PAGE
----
Ancient stone block discovered at illegal excavation site in Upper Egypt’s Sohag

Nevine El-Aref , Thursday 18 May 2017

The block is engraved with the cartouche of the 30th Dynasty King Nectanebo II, who is known for his construction projects

A part of the discovered block

An Egyptian archaeological committee from Al-Belinna inspectorate in the Sohag town of Abydos found a stone block engraved with the cartouche of the 30th Dynasty King Nectanebo II during the inspection of an old house in the Beni Mansour area, under which the owner was carrying out an illegal excavation. 

The Tourism and Antiquities Police caught the suspects conducting the illegal excavation red-handed and have confiscated the house until the completion of investigations, according to Hani Abul Azm, the head of the Central Administration for Antiquities of Upper Egypt.

Abul Azm added that the block may have been part of King Nectanebo II's royal shrine or an extension of a wall of a temple built by the king.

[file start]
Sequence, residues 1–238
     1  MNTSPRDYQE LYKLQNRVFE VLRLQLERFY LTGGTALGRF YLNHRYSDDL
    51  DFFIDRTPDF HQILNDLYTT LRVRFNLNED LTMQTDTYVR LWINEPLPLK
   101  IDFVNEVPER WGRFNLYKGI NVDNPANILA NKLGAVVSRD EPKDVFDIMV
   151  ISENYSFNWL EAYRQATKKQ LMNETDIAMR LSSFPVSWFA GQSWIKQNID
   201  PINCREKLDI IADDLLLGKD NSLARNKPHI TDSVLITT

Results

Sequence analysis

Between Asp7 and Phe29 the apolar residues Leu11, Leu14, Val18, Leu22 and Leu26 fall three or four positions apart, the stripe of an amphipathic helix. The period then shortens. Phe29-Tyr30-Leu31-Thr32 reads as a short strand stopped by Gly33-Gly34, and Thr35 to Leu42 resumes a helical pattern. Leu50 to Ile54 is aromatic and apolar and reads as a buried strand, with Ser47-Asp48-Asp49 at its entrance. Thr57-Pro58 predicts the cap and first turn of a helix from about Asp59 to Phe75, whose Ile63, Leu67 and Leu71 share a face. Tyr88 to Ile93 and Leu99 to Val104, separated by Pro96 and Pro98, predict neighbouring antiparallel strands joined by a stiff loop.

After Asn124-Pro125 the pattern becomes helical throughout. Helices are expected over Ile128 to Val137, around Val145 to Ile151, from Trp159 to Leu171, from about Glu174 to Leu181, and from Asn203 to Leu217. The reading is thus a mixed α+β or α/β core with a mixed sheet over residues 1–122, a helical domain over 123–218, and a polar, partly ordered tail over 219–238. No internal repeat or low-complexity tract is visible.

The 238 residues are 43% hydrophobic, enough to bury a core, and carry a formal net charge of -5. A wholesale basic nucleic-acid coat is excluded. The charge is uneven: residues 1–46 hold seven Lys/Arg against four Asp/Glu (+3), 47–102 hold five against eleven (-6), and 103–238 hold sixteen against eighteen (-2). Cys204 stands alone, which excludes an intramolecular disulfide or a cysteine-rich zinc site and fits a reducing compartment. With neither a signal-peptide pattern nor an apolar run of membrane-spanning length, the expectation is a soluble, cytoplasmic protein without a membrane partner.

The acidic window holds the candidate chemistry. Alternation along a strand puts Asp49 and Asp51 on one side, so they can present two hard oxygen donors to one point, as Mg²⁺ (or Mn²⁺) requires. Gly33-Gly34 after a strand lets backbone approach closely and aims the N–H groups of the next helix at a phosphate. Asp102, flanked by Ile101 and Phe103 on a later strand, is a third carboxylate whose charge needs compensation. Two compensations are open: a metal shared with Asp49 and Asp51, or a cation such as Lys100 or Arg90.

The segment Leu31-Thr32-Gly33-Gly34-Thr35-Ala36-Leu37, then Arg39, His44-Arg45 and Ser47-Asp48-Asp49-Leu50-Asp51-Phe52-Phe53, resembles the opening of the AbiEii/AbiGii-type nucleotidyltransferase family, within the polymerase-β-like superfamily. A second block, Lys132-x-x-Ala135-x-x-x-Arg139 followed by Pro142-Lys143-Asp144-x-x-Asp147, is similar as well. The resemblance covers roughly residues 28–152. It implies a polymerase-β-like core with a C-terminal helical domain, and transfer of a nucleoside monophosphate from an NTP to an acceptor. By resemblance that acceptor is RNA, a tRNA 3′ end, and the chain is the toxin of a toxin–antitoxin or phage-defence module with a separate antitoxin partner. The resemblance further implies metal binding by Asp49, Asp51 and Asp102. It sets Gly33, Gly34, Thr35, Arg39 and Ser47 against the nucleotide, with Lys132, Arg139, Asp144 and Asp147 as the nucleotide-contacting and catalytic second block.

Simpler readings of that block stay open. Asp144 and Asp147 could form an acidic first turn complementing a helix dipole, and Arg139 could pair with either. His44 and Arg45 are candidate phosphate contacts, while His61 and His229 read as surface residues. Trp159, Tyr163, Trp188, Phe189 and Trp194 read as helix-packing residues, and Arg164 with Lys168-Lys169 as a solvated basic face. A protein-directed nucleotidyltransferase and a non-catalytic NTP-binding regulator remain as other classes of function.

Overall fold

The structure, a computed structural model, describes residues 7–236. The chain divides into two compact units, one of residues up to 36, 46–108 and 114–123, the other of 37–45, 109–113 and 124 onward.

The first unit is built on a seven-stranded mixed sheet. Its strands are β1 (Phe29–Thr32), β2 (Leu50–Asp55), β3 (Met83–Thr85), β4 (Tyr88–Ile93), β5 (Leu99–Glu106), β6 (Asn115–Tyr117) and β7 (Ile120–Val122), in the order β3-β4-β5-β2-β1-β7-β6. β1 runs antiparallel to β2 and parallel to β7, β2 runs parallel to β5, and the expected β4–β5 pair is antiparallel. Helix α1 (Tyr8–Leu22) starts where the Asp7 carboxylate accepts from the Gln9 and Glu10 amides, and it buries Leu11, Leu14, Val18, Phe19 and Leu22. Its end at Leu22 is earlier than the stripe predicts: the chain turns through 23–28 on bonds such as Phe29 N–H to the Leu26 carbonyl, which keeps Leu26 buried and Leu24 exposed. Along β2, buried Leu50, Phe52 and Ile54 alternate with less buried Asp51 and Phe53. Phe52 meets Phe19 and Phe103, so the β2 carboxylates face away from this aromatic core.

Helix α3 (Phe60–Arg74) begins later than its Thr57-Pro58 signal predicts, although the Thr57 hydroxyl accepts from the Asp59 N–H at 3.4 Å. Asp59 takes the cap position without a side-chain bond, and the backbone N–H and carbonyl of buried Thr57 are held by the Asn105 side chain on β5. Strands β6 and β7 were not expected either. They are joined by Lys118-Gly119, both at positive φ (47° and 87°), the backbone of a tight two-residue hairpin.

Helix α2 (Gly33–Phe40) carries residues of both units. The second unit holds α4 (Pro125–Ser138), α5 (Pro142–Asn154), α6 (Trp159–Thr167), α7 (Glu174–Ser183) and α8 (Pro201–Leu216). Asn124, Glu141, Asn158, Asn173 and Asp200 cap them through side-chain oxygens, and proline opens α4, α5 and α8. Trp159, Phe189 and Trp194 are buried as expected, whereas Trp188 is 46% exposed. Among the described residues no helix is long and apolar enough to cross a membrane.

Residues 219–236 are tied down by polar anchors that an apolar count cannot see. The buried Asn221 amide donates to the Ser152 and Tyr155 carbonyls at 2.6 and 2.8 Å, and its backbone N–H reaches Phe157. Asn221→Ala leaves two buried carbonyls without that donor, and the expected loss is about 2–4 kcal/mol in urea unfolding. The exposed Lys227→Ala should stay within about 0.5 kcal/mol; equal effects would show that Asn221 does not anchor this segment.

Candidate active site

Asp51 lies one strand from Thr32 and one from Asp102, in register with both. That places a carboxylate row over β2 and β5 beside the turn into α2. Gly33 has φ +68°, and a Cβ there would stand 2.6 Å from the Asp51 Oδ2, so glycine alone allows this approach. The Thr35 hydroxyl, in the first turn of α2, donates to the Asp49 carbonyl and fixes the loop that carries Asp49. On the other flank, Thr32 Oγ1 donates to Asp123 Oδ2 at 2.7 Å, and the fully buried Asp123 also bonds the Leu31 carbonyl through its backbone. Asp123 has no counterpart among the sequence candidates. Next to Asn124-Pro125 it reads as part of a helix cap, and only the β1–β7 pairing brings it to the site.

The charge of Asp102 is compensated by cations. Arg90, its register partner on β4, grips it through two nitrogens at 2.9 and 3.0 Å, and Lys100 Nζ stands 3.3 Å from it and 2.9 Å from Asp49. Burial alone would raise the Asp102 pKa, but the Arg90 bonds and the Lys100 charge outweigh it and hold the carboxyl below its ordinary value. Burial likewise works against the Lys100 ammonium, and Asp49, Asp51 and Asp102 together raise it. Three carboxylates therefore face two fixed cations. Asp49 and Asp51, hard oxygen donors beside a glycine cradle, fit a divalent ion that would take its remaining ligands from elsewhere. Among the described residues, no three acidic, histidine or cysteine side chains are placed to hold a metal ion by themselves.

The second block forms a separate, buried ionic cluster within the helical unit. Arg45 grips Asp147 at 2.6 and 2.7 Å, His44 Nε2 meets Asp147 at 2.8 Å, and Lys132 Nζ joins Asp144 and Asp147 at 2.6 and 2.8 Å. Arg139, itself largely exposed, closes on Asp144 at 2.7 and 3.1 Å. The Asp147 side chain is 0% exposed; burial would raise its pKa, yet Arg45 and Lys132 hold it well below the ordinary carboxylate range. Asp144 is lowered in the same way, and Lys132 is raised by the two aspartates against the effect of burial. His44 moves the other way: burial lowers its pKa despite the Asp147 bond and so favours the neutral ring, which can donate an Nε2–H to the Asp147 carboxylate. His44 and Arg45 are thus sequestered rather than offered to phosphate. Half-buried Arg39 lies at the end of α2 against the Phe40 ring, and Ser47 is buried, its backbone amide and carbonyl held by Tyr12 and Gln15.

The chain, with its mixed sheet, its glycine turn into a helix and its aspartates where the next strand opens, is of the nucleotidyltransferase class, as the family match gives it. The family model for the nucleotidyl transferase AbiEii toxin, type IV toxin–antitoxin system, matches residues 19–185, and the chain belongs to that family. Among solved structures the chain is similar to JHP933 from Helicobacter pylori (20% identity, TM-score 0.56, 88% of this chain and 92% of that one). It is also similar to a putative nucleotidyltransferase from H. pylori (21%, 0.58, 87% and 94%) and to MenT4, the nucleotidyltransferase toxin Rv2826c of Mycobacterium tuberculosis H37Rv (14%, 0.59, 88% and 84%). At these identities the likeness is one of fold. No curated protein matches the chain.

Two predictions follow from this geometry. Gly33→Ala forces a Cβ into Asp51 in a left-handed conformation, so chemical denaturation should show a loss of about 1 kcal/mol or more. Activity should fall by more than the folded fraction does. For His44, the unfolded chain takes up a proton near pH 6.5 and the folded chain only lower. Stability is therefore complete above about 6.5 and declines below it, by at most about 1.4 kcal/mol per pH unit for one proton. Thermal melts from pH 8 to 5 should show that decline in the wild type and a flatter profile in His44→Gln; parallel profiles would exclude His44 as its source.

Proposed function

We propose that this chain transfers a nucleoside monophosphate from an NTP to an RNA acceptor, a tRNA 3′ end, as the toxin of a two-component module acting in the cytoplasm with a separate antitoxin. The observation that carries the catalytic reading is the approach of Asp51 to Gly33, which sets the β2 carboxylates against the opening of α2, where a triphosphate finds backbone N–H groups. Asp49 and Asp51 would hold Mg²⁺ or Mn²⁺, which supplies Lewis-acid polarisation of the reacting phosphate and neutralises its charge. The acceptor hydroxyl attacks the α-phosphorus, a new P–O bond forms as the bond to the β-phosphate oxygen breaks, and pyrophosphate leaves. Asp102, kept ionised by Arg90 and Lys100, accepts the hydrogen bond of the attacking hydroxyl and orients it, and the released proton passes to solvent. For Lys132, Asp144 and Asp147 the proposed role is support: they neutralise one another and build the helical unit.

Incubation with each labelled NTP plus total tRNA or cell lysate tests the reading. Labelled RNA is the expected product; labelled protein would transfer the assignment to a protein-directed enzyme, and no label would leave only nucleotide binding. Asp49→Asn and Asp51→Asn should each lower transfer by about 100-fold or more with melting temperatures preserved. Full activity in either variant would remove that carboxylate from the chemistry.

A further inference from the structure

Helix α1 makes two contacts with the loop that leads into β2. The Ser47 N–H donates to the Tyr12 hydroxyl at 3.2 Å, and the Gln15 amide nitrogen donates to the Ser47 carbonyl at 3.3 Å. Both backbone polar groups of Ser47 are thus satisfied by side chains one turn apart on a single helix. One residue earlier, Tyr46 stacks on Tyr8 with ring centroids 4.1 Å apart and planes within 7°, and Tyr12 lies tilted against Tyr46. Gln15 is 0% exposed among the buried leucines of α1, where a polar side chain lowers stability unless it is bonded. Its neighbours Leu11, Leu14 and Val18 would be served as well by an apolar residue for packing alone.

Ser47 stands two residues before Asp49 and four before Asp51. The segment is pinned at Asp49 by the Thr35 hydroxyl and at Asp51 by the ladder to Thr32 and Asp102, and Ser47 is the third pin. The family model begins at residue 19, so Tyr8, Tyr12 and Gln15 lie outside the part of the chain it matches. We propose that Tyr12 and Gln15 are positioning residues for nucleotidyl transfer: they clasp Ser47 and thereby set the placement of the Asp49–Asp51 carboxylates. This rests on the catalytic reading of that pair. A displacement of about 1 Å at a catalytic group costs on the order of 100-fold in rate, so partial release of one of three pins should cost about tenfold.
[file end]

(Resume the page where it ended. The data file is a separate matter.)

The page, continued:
Nectanebo II is well-known for his construction projects in Abydos.

Abul Azm said that after the completion of the expropriation procedures, more excavation will take place at the site.

Ashraf Okasha, director-general of Abydos Antiquities, pointed out that the newly discovered block measures 1.40x40 cm, but the high level of subterranean water has made it difficult to determine whether it was part of a shrine or a temple wall.

Okasha added that the archaeological committee inspected the site at the two-storey mud brick house where the illegal excavation was underway, with the block discovered at the bottom of a four metre-deep hole.

The whole block discovered

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